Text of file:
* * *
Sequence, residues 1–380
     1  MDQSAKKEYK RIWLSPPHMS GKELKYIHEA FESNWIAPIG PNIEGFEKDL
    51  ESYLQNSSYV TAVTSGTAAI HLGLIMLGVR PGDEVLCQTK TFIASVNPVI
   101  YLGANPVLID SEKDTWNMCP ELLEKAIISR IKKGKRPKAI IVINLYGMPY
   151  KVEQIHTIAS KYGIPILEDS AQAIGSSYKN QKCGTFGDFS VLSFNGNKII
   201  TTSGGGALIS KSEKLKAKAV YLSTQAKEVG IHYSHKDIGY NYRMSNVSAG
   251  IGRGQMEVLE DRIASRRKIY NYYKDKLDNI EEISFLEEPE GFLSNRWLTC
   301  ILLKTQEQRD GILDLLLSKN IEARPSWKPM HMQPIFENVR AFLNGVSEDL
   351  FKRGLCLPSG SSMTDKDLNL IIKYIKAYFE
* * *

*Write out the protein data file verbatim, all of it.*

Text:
Sequence, residues 1–380
     1  MDQSAKKEYK RIWLSPPHMS GKELKYIHEA FESNWIAPIG PNIEGFEKDL
    51  ESYLQNSSYV TAVTSGTAAI HLGLIMLGVR PGDEVLCQTK TFIASVNPVI
   101  YLGANPVLID SEKDTWNMCP ELLEKAIISR IKKGKRPKAI IVINLYGMPY
   151  KVEQIHTIAS KYGIPILEDS AQAIGSSYKN QKCGTFGDFS VLSFNGNKII
   201  TTSGGGALIS KSEKLKAKAV YLSTQAKEVG IHYSHKDIGY NYRMSNVSAG
   251  IGRGQMEVLE DRIASRRKIY NYYKDKLDNI EEISFLEEPE GFLSNRWLTC
   301  ILLKTQEQRD GILDLLLSKN IEARPSWKPM HMQPIFENVR AFLNGVSEDL
   351  FKRGLCLPSG SSMTDKDLNL IIKYIKAYFE